There is a profound disconnect, on every level, and on every scale, between our concern for honeybees, our love of bee-pollinated foodstuffs, and our actions.
What can we do? At times the problem seems overwhelming, as it was to one entomologist I questioned. What, I asked, were the very best, most nutritious plants I could put into my urban garden to provide optimal, season long forage for honeybees? The answer I got back was “one garden will not make any difference”. Hardly an answer to my question! But it points up a defeatist attitude which has become distressingly common.
Odd, and sad, because there are so many things we can do to help the bees.
1. Buy only locally produced raw honey, thus killing demand for cheap, adulterated international imported honeys (often obtained through dirty agricultural methods using exploitative farm labour practices)
2. Buy organic, which is better for your body, and will support the transition of agriculture from our present toxic, agrichemical and petrochemical dependent industrial farm methods to local, sustainable, and non-toxic to bees and other living things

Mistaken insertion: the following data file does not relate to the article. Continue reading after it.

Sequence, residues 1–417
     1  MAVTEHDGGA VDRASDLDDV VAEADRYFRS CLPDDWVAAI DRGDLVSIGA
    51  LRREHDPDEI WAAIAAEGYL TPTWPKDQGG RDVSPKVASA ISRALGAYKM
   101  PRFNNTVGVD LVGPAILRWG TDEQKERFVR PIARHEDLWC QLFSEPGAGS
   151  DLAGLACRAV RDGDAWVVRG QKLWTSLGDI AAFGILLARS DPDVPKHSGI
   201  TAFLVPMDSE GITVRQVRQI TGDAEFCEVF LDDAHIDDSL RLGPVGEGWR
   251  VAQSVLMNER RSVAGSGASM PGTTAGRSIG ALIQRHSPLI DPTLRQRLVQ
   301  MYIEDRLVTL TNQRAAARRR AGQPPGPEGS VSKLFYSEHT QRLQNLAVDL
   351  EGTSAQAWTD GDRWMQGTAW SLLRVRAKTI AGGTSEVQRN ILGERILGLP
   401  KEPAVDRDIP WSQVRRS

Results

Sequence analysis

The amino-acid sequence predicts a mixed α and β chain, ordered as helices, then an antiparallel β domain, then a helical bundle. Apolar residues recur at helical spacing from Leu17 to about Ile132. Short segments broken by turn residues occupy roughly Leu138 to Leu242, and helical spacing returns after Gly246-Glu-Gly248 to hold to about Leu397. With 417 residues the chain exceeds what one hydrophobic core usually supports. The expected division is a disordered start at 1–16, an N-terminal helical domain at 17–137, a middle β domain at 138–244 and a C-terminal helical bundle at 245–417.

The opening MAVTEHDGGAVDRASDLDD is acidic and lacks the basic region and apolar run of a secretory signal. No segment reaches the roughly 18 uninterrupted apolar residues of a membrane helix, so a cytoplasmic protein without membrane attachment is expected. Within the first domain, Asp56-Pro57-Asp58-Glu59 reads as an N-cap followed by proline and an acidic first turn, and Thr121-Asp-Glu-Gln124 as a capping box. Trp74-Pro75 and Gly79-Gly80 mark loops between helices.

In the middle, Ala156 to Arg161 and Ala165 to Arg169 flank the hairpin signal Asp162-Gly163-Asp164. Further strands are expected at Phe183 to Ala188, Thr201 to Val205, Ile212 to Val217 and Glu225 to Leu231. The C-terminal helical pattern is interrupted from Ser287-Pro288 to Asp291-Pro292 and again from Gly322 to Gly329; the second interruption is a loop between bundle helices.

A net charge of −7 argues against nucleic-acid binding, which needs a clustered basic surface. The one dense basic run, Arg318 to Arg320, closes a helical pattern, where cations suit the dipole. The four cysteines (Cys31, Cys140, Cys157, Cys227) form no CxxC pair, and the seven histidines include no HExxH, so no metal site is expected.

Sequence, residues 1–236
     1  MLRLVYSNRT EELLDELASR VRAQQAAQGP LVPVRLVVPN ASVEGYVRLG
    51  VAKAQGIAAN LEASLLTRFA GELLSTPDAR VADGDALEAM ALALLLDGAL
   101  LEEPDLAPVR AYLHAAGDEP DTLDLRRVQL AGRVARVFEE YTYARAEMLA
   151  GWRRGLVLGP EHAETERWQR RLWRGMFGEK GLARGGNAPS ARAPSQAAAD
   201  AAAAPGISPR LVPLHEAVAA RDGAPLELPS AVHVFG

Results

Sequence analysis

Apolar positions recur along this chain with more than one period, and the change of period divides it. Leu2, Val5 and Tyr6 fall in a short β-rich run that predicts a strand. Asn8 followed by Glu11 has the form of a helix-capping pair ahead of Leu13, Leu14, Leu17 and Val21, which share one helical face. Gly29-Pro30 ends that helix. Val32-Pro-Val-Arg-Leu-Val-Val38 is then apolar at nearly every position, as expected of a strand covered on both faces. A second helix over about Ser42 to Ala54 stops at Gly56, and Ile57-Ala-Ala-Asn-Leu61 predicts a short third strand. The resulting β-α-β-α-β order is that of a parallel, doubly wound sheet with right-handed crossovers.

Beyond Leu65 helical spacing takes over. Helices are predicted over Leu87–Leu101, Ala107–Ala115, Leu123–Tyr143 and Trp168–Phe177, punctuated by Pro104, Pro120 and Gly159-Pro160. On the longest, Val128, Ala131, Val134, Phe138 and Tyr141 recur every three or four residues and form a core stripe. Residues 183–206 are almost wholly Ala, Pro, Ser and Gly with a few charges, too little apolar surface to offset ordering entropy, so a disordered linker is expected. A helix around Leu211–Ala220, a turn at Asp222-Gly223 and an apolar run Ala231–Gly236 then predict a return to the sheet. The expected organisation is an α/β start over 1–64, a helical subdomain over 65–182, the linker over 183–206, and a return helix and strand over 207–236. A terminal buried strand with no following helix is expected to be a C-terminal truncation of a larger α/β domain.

3. Plant. One garden may not save the bees, but many gardens can and will. Bees already do better in urban areas thanks to bee friendly municipal plantings, and the wealth of flowering plants in home gardens. The key is, we all have to plant the same things to give bees enough of any one nutritious species that they can fill their tummies and pollen baskets on any given foraging trip (bees, on each trip out of the hive, will only forage on one species…on that fact rests their success as pollinators…so there need to be lots of any one species in their forage range). Mercifully, we already tend to plant the same things, but bees would be happier if we boosted their smorgasbord by planting in every city garden or unused corner, the following simple cocktail of season-long bee deliciousness:
- spring flowering heather
- Borage, which is delighfully self-seeding
- California lilac (Ceanothus)
- Catmint (not catnip!)
- Caryopteris (BlueBeard, a small and pretty, late summer blue flowering shrub)
that is Joe Pye Weed in the back of this magnificent border
There are lots of other things you can plant (clovers, thymes, salvias/sages, dill, fennel, rosemary, lavenders, daisies, sunflowers, hyssops, buckwheat, sainfoin, dandelions), and lots of information on how to go about that. Locally we have the wonderful Feed the Bees organization, and you can also check into the Spikenard Honeybee Sanctuary site for more information. But if every garden had the 7 plants above, bees would be a lot better off.
You can plant any or all of these plants in pots, so every urban balcony or patio can also be a sanctuary for bees!